“I had been looking at Pipeline for two or three years and I couldn’t get anybody to go out. We’d seen those pinnacle rocks underneath the break . . . So, we just kept passing on it,” says filmmaker and Surfer founder John Severson. In the winter of 1960 he aggressively prodded Mike Diffenderfer to surf the place. “Diff” turned him down flat. Yet, it’s almost certain bids had been made on Pipe as early as the mid-‘50s. Pat Curren and Bob Shepherd camped at Pipe as early as ’57-’58. Rabbit Kekai says locals from Kailua challenged Pipe even earlier. Interestingly, in the generational gap between, awe of the “impossible shore break” grew—an affect that may have to do with the drowning a swimmer, but certainly enhanced by erroneous tales of the reef’s “antler coral” surface.
In his narration of “Surfing Hollow Days,” however, Bruce Brown framed up that first documented session as a discovery. Among this group of pioneers and entrepreneurs, facts often fell along party lines. If you can imagine it, the first feature exposing Pipeline in the pages of Severson’s Surfer didn’t bother to include Phil Edwards’ name.
As filmmakers, Brown and Severson competed fiercely for what usually amounted to footage of the same surfers at the same spots. That December of ’61, Mike Hynson was living with Brown and his surfing idol, Phil Edwards. According to Hynson, the three of them were checking Sunset Beach with the usual cast of North Shore surfers. “Sunset didn’t look like it was happening,” Hynson says. Jose Angel lived within earshot of Pipeline and casually let Brown know the wave in front of his place was breaking. “We kind of snuck away from Severson,” Hynson says. “I’ll never forget this: we were loading up and he called, ‘Where are you guys going?’ We said we were going to Makaha or someplace.”
Brown and his crew of surfers then drove down to Angel’s house. Clean and barreling, Pipeline broke in the eight-foot range. According to Hynson, Edwards was not as keen on surfing as Brown’s narration suggested. “Bruce had his camera out and he was making it pretty obvious that he wanted to film something. You could always tell when he was in the mood,” Hynson says.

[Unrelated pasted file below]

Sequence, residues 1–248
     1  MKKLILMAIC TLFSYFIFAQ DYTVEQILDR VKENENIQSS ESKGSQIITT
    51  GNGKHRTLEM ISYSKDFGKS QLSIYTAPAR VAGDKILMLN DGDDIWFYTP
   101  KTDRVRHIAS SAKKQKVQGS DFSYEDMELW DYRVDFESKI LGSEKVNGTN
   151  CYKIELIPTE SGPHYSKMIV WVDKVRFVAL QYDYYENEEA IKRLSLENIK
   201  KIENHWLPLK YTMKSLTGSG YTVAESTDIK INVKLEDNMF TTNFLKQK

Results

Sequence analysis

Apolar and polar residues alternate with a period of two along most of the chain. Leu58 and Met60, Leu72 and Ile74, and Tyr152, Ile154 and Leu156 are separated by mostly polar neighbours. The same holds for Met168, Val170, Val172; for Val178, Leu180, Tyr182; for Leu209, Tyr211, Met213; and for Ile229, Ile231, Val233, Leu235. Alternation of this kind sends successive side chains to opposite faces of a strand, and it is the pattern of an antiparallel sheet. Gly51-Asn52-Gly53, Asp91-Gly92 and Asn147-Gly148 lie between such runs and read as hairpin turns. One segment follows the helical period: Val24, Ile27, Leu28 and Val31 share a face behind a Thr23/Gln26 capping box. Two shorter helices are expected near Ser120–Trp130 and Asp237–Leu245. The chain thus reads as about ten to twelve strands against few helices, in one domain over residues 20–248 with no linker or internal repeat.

Not all of them knew that Brown had actually filmed Edwards surfing a couple of shoulder-high waves on the reef the day before. Those piddlers were far from the feathered, A-frames breaking that afternoon with Hynson and Diffenderfer. Edwards admitted, “I don’t think I want to surf that.” Hynson remembers the 24-year-old Edwards then muttering, “Screw it,” before charging out. As soon as he reached the outside, a good-looking set began to crest, and all were stunned when Edwards wheeled around and stroked into that first wave. He angled the drop backside with a hands-out stance and navigated a shallow bottom turn. The curtain quickly caught up and the fast-moving water seemed to suck him back into the pocket. Although not nearly a tube ride by today’s standard, the harrowing feat on the lumbering longboard and inelegant fin was definitely a severe trim.
“As Phil came in, I was running for my board,” Hynson brags.
Edwards was later quoted as saying, “After that first ride I came to the beach and walked to the car. I put the board on the roof, turned around and there were three guys out.”
In fact, Brown and Edwards had brought part of the crowd with them, and Severson’s group—including George Lanning and Loren Swan—were so hot on their heels, Hynson never made the lineup alone.